Silos, Always the Silos, Stop it with the Friggin' Silos Already
By Ken Magill
During his opening keynote at the Direct Marketing Association’s All For One conference at the New York Hilton yesterday, DMA president Larry Kimmel spoke of the need to break down marketing silos.
Iʼve met Kimmel a number of times and found him to be smart and likable.
But you know what? Iʼd rather have finishing nails pounded into the webbing between my toes than have to hear the phrase “marketing silos” ever again.
Every talking head in marketing has been talking about the need to eliminate silos for as long as I can remember.
But hereʼs the thing: Silo is simply another word for territory. Silos arise because employees are territorial about their responsibilities.
The catalog guys want credit for catalog sales. The email folks want credit for email sales and every other lift that seemingly results from their efforts.
And donʼt dare introduce something that may threaten retail managers’ ability to make their numbers.
People are territorial. Marketers are people. Hence, silos.
Telling marketers to eliminate silos is like telling a male dog he canʼt piss on tree trunks and ﬁre hydrants.
Good luck with that.
Non-marketing thoughts from the All For One Conference
Itʼs tourist season in midtown Manhattan. I hate midtown in tourist season. Why must visitors to Manhattan always walk three abreast? Slowly ... in the middle of the sidewalk ... and then stop ... and look up.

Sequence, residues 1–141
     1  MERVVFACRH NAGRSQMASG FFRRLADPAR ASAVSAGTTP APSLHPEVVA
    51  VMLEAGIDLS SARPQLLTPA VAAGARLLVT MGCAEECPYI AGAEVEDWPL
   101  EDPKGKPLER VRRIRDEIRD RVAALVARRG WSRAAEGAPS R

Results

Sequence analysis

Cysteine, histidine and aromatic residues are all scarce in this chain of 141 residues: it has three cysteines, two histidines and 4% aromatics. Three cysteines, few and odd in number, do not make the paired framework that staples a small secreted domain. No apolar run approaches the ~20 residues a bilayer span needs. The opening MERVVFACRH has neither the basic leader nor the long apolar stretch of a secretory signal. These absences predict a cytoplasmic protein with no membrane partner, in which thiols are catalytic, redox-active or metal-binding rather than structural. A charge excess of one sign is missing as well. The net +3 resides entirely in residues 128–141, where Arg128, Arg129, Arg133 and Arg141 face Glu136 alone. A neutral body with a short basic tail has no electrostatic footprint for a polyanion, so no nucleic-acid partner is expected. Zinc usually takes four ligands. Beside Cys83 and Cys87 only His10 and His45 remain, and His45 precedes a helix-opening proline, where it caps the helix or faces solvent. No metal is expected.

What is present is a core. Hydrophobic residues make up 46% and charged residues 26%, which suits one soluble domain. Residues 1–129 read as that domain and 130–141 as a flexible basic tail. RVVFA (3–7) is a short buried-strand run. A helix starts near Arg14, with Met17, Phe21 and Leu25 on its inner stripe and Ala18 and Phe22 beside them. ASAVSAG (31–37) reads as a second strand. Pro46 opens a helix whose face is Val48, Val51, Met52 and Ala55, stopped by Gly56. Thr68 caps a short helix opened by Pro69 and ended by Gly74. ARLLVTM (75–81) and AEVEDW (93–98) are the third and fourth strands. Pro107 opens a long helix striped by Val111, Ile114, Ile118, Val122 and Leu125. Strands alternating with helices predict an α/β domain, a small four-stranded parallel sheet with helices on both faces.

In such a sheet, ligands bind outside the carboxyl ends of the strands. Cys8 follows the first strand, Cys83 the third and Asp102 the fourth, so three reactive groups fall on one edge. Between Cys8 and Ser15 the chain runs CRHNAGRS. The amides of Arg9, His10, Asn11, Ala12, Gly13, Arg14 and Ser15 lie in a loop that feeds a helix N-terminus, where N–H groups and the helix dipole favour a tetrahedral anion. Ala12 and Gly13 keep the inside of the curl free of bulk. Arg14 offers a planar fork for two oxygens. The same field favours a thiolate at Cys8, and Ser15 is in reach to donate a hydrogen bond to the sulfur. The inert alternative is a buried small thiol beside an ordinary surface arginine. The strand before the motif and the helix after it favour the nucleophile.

Message to Manhattanʼs tourists: When you look up, youʼre identifying yourselves as tourists. Youʼre in effect putting a neon sign over you that says, “Hey muggers and pickpockets! Over here!” Theyʼre buildings for Peteʼs sakes.
The wife calls Manhattanʼs tourists tourons.
Want to pass ʻem on the left? Well, guess what! Right as you begin to make your move, theyʼre drifting left.
Oh, and donʼt bother with the right. Tourons have a special sense that allows them to feel when people want to pass them and instinctively drift that way ... and stop ... and look up.
The only way to get around them is the street. The street frightens them. They won’t walk there except at corners and with the light.
“There should be a yellow line down the middle of Manhattanʼs sidewalks,” my wife says. “Tourons on the right. The rest of us on the left.”
Either that or just arm the rest of us with Taser guns.
“Excuse me.” Bvvvvvt! “Sorry, Klaus. Please tell your wife to keep to the right from now on, okay? Thanks! Enjoy the rest of your visit.”
Sound mean? Live there for a few years and then letʼs chat.
Oh, and if walking in midtown Manhattan in summer wasnʼt already annoying enough, thereʼs a new trend—or at least one I hadnʼt noticed happening so frequently before visiting there this week: People walking and texting with their heads down so they donʼt know theyʼre about to run into you! Yay!
This is in addition to all the people talking on their phones and ambling down the sidewalk toward you with utterly blank expressions on their faces.
I call them Celletrons. “Oh, look. Here comes a Celletron. Better step aside because heʼs so engrossed in his super-duper, more-important-than-anything-you-ever-even-thought-of affairs, heʼll walk right through you if you donʼt. ... piss ant.”
In making the argument to leave Manhattan, I told my wife sheʼd be saving the city from a spree killer if we moved.
Now I remember why.